BANGOR, Maine — Hermon High School junior Josh Devou has experienced the fierce grip of anxiety.

When he takes on the role of Christian, a teenager struggling with the disorder in a new short film, Devou draws on his own memories of panic attacks that left him breathless and his heart racing.

The film, called “The Road Back,” will premiere on March 21 to a packed house of more than 500 people at Husson’s Gracie Theatre. Created by Maine students, the movie tells the stories of Christian and depressed teenager Allie, played by Hermon High senior Natalie Johnson, as they strive to understand their illnesses.

Ultimately, “The Road Back,” written and directed by Faith Bishop, another Hermon High student, explores the stigma around youth and mental health issues.

“It’s incredibly effective to illustrate it in a dramatic way,” said Dr. Jessica Manaker, a child and adolescent psychiatrist at The Acadia Hospital, which executive-produced the film. “It really helps kids to personalize it, and [mental illness] happens to all kinds of kids. It doesn’t mean you’re crazy.”

Acadia plans to send the film, which it produced along with Portland youth nonprofit Project AWARE, to every interested middle and high school in the state at no charge.

The premiere has sold out, but plans are in the works to air the movie in April on WABI-TV, according to Acadia spokesman Alan Comeau. DVDs also will be available through Acadia’s website by the end of the week, he said.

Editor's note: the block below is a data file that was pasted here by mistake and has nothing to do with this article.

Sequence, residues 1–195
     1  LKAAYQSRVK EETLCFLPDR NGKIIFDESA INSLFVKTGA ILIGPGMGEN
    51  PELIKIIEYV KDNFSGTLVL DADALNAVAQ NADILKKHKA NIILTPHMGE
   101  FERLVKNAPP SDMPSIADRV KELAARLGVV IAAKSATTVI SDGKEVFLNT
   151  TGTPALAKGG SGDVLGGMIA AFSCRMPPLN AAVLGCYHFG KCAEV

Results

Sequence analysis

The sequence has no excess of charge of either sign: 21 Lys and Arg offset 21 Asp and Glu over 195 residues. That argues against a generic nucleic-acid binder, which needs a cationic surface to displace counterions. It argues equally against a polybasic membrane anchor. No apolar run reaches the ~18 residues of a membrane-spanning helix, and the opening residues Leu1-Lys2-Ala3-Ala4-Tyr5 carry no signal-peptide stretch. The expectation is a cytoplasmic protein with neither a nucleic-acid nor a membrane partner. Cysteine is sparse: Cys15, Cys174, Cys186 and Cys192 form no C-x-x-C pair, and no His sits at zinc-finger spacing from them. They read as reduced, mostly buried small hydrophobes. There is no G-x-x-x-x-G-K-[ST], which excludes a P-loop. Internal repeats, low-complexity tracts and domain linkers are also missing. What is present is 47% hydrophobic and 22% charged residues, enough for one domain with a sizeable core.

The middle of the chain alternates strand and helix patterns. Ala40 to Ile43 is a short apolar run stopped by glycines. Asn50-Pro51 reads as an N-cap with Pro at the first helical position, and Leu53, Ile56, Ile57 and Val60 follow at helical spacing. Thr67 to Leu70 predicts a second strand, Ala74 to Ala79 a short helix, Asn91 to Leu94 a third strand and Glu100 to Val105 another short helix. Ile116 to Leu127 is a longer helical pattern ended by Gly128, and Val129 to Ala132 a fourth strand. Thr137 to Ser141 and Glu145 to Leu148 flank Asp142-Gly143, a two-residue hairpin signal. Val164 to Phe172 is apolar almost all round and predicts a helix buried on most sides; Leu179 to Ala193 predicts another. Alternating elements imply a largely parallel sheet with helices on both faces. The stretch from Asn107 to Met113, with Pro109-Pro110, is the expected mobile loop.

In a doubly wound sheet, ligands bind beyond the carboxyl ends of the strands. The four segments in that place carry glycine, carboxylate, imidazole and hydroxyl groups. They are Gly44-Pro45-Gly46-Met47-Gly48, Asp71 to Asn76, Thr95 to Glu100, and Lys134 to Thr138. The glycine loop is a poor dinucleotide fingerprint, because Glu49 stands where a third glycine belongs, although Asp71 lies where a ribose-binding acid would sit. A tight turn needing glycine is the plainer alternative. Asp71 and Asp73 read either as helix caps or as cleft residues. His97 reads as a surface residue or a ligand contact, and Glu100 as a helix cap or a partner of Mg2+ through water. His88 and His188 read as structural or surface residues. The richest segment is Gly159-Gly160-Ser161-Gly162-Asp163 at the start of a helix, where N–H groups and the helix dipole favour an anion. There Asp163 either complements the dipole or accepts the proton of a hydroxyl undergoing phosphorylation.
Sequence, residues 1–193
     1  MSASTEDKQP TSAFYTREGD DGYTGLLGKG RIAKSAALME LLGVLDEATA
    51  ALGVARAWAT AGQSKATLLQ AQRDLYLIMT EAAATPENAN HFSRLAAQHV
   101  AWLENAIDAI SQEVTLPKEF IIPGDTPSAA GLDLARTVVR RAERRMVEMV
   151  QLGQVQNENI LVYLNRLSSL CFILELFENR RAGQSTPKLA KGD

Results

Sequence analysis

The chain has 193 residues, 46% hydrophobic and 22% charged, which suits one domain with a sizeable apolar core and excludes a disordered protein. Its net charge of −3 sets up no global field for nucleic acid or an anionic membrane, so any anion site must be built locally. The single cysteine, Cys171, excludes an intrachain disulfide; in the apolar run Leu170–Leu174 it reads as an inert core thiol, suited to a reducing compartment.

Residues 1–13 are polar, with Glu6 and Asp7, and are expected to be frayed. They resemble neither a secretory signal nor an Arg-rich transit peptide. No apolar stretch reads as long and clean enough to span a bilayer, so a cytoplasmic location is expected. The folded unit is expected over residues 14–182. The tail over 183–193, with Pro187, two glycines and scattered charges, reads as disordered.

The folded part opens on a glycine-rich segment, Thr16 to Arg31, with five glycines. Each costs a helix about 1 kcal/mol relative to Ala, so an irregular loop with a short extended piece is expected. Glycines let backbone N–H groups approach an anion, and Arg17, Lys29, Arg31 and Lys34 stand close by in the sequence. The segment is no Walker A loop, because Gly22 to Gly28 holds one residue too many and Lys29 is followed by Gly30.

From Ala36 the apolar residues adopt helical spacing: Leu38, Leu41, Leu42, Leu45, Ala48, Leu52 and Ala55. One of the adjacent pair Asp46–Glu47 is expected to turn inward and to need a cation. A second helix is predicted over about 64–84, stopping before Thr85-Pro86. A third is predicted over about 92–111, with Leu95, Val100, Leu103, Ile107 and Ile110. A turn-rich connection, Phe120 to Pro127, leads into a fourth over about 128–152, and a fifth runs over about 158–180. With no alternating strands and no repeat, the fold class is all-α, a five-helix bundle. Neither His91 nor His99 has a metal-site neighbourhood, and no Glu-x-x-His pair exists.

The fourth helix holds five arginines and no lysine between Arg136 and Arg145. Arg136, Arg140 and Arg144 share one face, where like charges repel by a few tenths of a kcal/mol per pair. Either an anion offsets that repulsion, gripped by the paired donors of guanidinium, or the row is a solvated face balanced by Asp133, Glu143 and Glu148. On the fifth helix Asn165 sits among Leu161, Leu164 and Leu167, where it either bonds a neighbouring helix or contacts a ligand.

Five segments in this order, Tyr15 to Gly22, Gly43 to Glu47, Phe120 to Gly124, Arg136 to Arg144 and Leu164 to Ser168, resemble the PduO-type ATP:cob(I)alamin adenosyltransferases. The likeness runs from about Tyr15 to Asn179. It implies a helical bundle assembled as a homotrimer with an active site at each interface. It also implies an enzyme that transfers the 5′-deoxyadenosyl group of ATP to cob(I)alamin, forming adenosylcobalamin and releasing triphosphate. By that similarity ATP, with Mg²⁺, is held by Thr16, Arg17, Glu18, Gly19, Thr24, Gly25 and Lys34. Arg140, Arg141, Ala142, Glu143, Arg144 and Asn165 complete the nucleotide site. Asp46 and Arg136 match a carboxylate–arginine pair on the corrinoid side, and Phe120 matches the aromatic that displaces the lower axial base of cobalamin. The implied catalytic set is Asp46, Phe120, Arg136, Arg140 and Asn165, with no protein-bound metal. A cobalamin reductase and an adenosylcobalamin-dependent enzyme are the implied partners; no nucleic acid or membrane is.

A trailer for “The Road Back” and behind-the-scenes videos are online at

The 35-minute film was funded by Acadia, the Davis Family Foundation, Bingham Program, Spring Harbor Hospital in Westbrook, and Bangor Savings Bank.

More than 200 students participated in the film, many from the greater Bangor area. A number spoke openly about their personal struggles with anxiety and depression, Comeau said.

While the adolescent years are characterized by tumult, changes in mood or behavior that interfere with a teen’s daily life should be considered red flags, Manaker said. Irritability, sadness, hopelessness, low energy and loss of interest in social activities can signal a need for professional help, she said.

Acadia offers evaluations, therapy, day treatment and inpatient services for children and teens, as well as substance abuse services. To connect with youth services at Acadia, call 973-6100 or 800-640-1211.

“With early intervention, we have a better chance of helping people move beyond this,” Manaker said.

Jackie Farwell

I'm the health editor for the Bangor Daily News, a Bangor native, a UMaine grad, and a weekend crossword warrior. I never get sick of writing about Maine people, geeking out over health care data, and...